I'm replacing a ceiling. There is only me and my wife to
lift and screw the sheets of plasterboard into place.
Can anyone recommend the best way for one person to lift
and hold the sheets (8 feet x 4 feet) in place while the
other person screws them to the joists?
The sheets are a bit heavy for one person to hold for any
length of time. Also I don't want them to buckle or break.
Is there a website somewhere with pictures of how lift and
hold them in place? Any suggestions or tips welcome.
Lidl / Aldi do them quite regularly for only £3 or £4
Failing that 2 bits of wood that are slightly bigger than floor to ceiling
height and just jam the plasterboard in.
My Aldi ones bought last year have plenty of height in them.
Fully collapsed they are 4 feet. You then pull out the inner sleeve which
adds another 4 feet then you can use the trigger to slide the inner rod up
even further, another 3 feet I reckon.
So probably about 11 feet all in. I've done a few bathrooms with them.
The easiest way is to cut a couple of lengths of 2x1 or 2x2 timber and fix a
t-piece about a foot or so long across one end of each and use them as
dead-men to support the board once you've got it in place, it takes a bit of
getting used to but makes the job much easier if you are not used to
handling plasterboard in full sheets.
You can get small boards from B&Q or homebase which are easier to handle but
there is a cost premium in this method.
Starting at one corner of ceiling see what joist the plasterboard ends at
from wall you are working from then...
Get some thick rope(washing line will do) nail this to the inside of the
joist were the plasterboard will position halfway across the joist.
Slide plasterboard onto rope and push up the other end and nail/screw into
postion and do its center and then the rope end.
Reapeat until you come to the stage where you will have to use two people to
keep the end run of plasterboards against the ceiling.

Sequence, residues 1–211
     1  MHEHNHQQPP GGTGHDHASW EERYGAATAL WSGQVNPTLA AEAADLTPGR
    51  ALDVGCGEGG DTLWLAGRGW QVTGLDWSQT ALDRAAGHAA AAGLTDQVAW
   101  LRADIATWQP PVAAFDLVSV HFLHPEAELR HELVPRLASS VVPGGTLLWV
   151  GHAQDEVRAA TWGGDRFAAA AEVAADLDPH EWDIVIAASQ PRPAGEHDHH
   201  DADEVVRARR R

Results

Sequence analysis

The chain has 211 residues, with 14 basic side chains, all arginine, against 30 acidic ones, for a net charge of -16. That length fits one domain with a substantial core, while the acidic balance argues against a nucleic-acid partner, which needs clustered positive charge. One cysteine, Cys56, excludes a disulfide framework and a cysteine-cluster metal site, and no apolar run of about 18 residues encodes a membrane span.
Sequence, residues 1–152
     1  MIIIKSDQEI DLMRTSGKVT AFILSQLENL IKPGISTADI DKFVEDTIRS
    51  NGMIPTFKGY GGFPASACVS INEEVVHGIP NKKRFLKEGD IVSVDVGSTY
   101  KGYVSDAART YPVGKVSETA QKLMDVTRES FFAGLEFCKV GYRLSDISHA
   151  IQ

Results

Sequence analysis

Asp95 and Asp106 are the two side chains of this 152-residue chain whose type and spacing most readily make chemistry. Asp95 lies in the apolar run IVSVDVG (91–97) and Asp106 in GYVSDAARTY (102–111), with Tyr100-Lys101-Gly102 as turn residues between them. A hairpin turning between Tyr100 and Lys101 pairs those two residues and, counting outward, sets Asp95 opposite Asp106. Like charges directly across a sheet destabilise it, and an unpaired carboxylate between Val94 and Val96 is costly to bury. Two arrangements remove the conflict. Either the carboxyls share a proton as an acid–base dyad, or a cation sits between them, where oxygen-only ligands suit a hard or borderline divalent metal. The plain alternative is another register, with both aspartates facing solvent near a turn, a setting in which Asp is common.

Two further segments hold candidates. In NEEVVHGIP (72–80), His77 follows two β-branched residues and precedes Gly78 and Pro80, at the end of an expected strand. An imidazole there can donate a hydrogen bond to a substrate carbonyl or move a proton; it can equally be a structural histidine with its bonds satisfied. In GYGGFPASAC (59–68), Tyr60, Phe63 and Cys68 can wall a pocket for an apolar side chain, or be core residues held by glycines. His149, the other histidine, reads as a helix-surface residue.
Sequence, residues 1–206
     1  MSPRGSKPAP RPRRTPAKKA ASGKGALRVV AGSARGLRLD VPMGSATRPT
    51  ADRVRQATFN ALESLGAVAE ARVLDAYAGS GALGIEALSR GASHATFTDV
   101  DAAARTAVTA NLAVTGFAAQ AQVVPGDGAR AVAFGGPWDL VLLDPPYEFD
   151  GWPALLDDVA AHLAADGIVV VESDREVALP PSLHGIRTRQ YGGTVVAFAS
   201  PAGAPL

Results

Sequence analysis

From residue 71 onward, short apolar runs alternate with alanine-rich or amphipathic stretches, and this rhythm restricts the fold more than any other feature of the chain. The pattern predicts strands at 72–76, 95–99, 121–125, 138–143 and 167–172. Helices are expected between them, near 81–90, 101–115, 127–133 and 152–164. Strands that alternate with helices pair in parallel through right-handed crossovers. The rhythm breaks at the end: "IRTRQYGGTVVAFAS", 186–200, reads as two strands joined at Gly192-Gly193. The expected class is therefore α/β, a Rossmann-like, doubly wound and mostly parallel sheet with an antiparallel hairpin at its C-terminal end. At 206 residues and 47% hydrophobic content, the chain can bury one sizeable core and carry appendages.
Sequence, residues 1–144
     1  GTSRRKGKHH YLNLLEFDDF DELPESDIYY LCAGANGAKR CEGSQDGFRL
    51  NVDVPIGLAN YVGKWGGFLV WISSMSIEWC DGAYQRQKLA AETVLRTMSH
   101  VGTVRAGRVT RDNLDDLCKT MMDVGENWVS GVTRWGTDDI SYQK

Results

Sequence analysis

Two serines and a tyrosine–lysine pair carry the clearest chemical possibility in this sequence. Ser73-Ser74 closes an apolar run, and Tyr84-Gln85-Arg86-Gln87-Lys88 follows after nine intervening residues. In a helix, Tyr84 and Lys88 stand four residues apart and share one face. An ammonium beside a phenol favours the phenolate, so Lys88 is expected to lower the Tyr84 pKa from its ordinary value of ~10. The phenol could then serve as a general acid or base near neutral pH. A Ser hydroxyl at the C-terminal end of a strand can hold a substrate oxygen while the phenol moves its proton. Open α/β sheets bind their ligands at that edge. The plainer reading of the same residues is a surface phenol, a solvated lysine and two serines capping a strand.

Go the timber yard and buy two pieces of 2x2, one piece should be cieling
height the other could be the width of a plasterboard.
Screw them both together to form a T and use it to prop one end up while you
screw the other end,the wife can make sure the T bracket doesn't move.
Saves buying props and the wood might come in handy sometime?
On Fri, 1 Feb 2008 16:26:21 +0100 David in Normandy wrote :
When I had to do this many years back, I made a couple of wooden
"fingers" which I clamped to the joists at the appropriate place
(i.e. a plasterboard width from the current edge) then it was just a
case of lifting the sheet tucking the far edge in under the fingers
pushing the rest of the board up next to the already fixed sheet and
It's much easier to use 1800x900 sheets.
Tony Bryer SDA UK 'Software to build on' http://www.sda.co.uk
Especially if the joists are set at metric distances. I had to do
something similar once all on my tod.
I used a strip of skirting with two nails into the joists and rested
the board in that cradle then lifted it up and then set it back down
and put the sprag in a position I could reach one handed.
Then lifted it again and shoved the sprag in and then jiggled the
board to make sure it ran square and true. Then took the whole lot
down to put packers in to get around the RSJ.
Then the foreman got two labourers to do it.
Try your local hire centre. They should hire your a jack like thing
that raises and holds the plasterboard under the joists.
On Fri, 1 Feb 2008 16:26:21 +0100, David in Normandy
The extendible props available have been mentioned.
An old method that works well is a piece of rope and two nails. The
idea is to put the rope across, forming a cradle, in a position to
support one end of the board allowing the other end to be handled.
We have found that the most useful gadget is the head of the person
doing the screwing and a broom with a large head held by the person on
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